Newspring Church Answers the Question: Why Hasn’t Perry Noble Been Invited Back to Speak?

Newspring Church Perry Noble

Former Newspring pastor Perry Noble took to Facebook video yesterday to address what he called a “gross misrepresentation” of his ministry by Newspring’s leadership team. The 10-minute video—shot in Noble’s characteristically raw, impassioned style—accused the leadership team of slandering him during Newspring’s “Leadership Night” the previous Friday.

“The purpose [of this video] is not just to update you on my life but rather to respond to accusations that were leveraged against me this past Friday night by leadership of Newspring Church,” Noble said. “I feel as if [Newspring Teaching Pastor Clayton King] was completely misleading.”

The leadership night, a video of which was posted to the church’s website, was primarily outlining the church’s new leadership structure: team-led leading without a singular vision-caster or teacher. However, King began the night spending 15 minutes reading a statement drafted by the Newspring leadership team, as that team sat behind him on stage. The statement addressed Noble’s claims that he’d felt abandoned by the Newspring leadership team after being fired, saying many of the people on stage had reached out to him and that King himself had regularly attempted to meet with Noble for the past 13 months with no response.

Noble acknowledged this was true, detailing a long list of dates and times he’d met with different leaders, but saying he didn’t want to meet with King because “he wasn’t ready for that conversation yet.”

The Newspring statement also made it clear that Noble’s wife, Lucretia, was committed to reconciliation with Noble, and that the church had consistently walked with her through that process. Noble did not respond to this in his recent Facebook video, although in a previous video he had said that while his wife had left him and taken their child, Noble was still fighting for reconciliation as well.

Noble’s biggest complaint was over what he called a “gross misinterpretation of my ministry—that it was not about Jesus.” Noble said that “there may be quite a few things I did wrong as the pastor of Newspring, but I preached Jesus every Sunday I had the privilege to speak at Newspring. To have those motives called into question…yes I wanted to reach more people. I believe more people following Jesus is better than less people following Jesus.”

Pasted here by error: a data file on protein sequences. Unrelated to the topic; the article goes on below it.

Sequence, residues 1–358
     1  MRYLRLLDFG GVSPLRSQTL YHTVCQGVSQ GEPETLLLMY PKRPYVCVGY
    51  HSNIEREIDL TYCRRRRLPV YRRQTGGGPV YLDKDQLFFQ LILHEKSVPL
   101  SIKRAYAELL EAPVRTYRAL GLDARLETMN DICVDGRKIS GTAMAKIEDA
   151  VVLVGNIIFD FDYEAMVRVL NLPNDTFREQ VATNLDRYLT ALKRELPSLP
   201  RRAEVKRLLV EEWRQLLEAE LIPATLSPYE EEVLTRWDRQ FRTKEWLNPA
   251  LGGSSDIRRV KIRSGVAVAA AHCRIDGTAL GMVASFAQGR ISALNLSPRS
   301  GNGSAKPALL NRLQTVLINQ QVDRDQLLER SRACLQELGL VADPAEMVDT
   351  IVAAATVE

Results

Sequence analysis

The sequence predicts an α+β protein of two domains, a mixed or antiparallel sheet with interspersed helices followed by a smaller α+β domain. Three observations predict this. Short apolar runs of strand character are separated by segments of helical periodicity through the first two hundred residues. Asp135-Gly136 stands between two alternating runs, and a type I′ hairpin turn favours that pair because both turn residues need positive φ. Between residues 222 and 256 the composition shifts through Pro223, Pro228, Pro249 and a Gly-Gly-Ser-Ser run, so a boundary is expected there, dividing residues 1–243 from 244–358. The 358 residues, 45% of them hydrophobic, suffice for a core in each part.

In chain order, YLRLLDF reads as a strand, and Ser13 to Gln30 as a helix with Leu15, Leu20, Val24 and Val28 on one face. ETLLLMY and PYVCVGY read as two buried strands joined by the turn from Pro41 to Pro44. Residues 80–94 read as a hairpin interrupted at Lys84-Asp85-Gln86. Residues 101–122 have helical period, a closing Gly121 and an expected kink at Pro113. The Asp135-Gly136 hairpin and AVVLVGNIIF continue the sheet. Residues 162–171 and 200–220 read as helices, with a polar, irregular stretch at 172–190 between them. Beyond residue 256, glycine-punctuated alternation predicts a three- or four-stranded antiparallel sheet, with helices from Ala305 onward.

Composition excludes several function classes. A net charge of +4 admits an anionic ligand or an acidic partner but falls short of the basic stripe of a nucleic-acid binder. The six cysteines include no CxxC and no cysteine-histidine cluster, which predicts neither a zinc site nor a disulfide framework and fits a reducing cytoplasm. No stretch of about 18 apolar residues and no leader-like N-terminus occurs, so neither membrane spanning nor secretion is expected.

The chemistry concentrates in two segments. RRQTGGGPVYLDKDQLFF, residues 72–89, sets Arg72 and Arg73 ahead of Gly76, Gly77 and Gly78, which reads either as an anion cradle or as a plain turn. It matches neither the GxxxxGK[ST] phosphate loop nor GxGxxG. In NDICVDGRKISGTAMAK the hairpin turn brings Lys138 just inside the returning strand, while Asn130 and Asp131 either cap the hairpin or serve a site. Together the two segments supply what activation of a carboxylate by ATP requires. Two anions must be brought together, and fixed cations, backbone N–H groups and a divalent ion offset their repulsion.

Noble may have been referring to King’s comments on the church’s new leadership model. After explaining the church’s actions toward Perry, King transitioned to saying, “Now it’s time for Newspring to move forward. God is leading us to a new structure where Jesus Christ would be the senior pastor and chief shepherd of our church, where one man would not have the entire weight and responsibility placed on him. This will result in team leadership, teaching and ministry where everyone has a part in connecting people with Jesus and each other.”

Noble seemingly believes King in this statement was criticizing his method and motives of ministry prior to that point, although in context it’s also possible King was saying the church believes the pressure of the prior structure may have contributed to Noble’s personal collapse.

Noble also accused Newspring of a “characterization of me being unqualified [for pastoral ministry] that was a direct assault on other churches who invited me in to speak, which is an attack on my livelihood.”

Noble has recently been invited to speak at several churches including Mission City Church in Largo, Fla., C3 church in Orlando, and for the 11th anniversary of Elevation Church in Charlotte, North Carolina. At their leadership night, King said he’s been asked why Noble is preaching at other churches but hasn’t been invited to preach at Newspring. After reading Bible passages that detail the moral expectations for someone in pastoral ministry, King said, “We can’t speak for other churches. For us, Perry does not currently meet biblical qualifications.”

Noble ends his video saying, “Hopefully this is the last statement I’m going to make about this because I’m trying my best to move forward and I would encourage EVERYONE involved in the situation to do the same. It’s not me versus them, it’s us versus the world, but once again I felt like what was said about me wasn’t completely honest and I wanted you to hear that from me.”

Twenty-four hours after being posted, Noble’s video has been shared nearly 500 times and has over 1,300 comments that range from encouraging to condemning to concerned. So while both Noble and the Newspring leadership have said their biggest desire is for the church to be unified, the public reaction suggests at this point it is anything but.

An Update On How Things Are Going

Posted by Perry Noble on Monday, July 24, 2017

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Joshua Pease
Josh Pease is a writer & speaker living in Colorado with his wife and two kids. His e-book, The God Who Wasn't There , is available for purchase on Amazon.